Musings on Contemporary Waffle
This post will resonate mainly with those who are avid readers of the New York Times and, perhaps, with those who encounter the columns of Ross Douthat in that newspaper.
Mr. Douthat is among a dozen columnists writing for the NYT. He is there to offer balance against most of those other columnists, whose political views lean mostly left.
Rather than a true conservative viewpoint, however, Mr. Douthat seems to demonstrate instead what I would call “conservatist contrarianism”.
Fair enough. This attempt by the NYT at balance is certainly not being copied at Fox or even the Wall Street Journal.
Mr. Douthat is not a fan of President Obama (which is not a sin anymore), while he has striven to make sense of a GOP that he nevertheless does not hold responsible for the perception of the United States as a country with a dysfunctional political system; a party singularly responsible for the tragic beating that America’s standing has suffered as a result of the extremist rightist positions adopted by the GOP in the last decade.
Making sense of something as nonsensical as today’s “American Right” is a tough task for any columnist, especially one writing for the left-leaning NYT. But, that is Mr. Douthat’s job. More often than not, however, he has given up making sense altogether of the GOP for us mere mortals and now fulfils his function as resident NYT right-winger by criticizing the Obama administration on what the parliamentarians of my country (Canada; sorry) — and of the rest of the Commonwealth of Nations — would refer to as “points of order“.
Again, fair enough. Order is important, for any government, anywhere.
But, Mr. Douthat is struggling with this.
From his latest column, this quotation:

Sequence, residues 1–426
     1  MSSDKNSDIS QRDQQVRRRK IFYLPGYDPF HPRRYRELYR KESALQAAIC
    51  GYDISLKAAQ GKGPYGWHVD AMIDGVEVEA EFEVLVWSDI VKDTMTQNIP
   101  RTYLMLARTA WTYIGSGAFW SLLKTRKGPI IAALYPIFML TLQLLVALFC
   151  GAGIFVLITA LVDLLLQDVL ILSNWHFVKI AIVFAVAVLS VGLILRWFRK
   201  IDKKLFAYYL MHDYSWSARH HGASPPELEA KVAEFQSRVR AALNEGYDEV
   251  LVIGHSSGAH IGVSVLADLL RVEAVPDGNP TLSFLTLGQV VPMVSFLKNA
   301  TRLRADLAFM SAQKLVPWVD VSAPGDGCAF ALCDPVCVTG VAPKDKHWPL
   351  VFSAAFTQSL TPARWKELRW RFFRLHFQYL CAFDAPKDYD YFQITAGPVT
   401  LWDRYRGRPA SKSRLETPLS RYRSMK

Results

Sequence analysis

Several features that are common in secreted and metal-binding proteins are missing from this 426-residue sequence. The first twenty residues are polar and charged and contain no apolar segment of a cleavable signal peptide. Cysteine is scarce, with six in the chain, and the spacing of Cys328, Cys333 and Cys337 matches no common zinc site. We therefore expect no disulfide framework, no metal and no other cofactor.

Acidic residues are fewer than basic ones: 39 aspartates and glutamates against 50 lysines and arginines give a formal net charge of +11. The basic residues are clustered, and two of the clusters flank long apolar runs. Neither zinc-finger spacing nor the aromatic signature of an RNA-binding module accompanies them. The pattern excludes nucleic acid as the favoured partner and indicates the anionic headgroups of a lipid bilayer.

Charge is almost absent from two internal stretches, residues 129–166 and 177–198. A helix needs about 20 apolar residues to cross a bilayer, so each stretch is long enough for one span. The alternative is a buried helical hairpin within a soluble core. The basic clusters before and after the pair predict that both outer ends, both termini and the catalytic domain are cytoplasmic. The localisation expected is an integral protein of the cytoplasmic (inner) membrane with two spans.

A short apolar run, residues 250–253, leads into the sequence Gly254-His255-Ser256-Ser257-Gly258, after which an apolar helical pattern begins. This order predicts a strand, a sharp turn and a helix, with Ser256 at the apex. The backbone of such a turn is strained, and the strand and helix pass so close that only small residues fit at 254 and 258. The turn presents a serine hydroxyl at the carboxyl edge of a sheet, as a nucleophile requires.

“[W]e have this much in common with Putin: We, too, see advantages in managing conflicts, intervening just so far and no further …. We need a foreign policy argument to clarify which wars must be, or even can be, won.”
Simply, no. We don’t. Because we can’t. And this should be obvious to Mr. Douthat, but it isn’t.
The US needs a foreign policy that clarifies why it does what it does. But to expect it to predict which conflicts it can win is simple-minded in 2015. It couldn’t do it in the 1960s with Vietnam. How can it do it today with … take your pick of conflicts?
What is the issue here, exactly? That America is involved in conflicts that it cannot win and so can only hope to manage to her advantage? And by that she is equated with the utterly anti-occidental sovietist leader of the Russian Federation?
Well, since it cannot win these conflicts outright, because Mr. Putin makes that difficult with, among other weapons, his significant veto on the UN Security Council; then — duh — America must do what it’s doing: manage conflict as best as she can.
Yawn… Anything else on Mr. Douthat’s mind?
But enough about this one column. One reason to look at Mr. Douthat’s columns only grudgingly if at all, and decidedly not with the anticipation of the columns of Roger Cohen, Maureen Dowd, David Brooks, and Timothy Egan — week in and week out — is this: he has a way of stating the obvious that his colleagues might do with creativity and a certain further insight gained from an experience of the world that has so far eluded Ross. That’s as ad hominem as I’ll get, don’t worry.
Or, maybe not. Because Mr. Douthat needs to have a philosophical position that goes beyond a nit-picky foray that succeeds only to demonstrate an intellectualist pseudo-seriousness. If Ross Douthat believes that he follows in the footsteps of an intellectual of great seriousness who is worthy of claiming that he is a conservative — William F. Buckley, Jr., say — then, again, no.
One gets the sense that Ross seems to have never really ventured beyond a worldview shaped by a college political-science reading list, and a dubious debating-club talent for arguing what’s not quite relevant after you reach a certain age. I am not Bill Buckley, either. But I’m older than Ross and know that you need to take a stand that doesn’t borrow from the extremes while ignoring the middle; there, where the thing that makes the most sense to most people lies obvious and waiting.
Meaning, don’t blame your government for not achieving the impossible, as this just does the bidding of the GOP without clarifying anything from an intellectually conservative viewpoint not precluding humanistic maturity (as Buckley demonstrated best, of all conservatives).
Intellectualist vs. Intellectual — Douthat vs. Buckley.
(End of ad hominem tirade.)
And so, then, what should America do if Mr. Putin makes things so difficult? Mr. Douthat has no answer.
But, luckily, others do.
Friedman, please! What do you think? That’s better, old guy…
These things do matter, I’m afraid.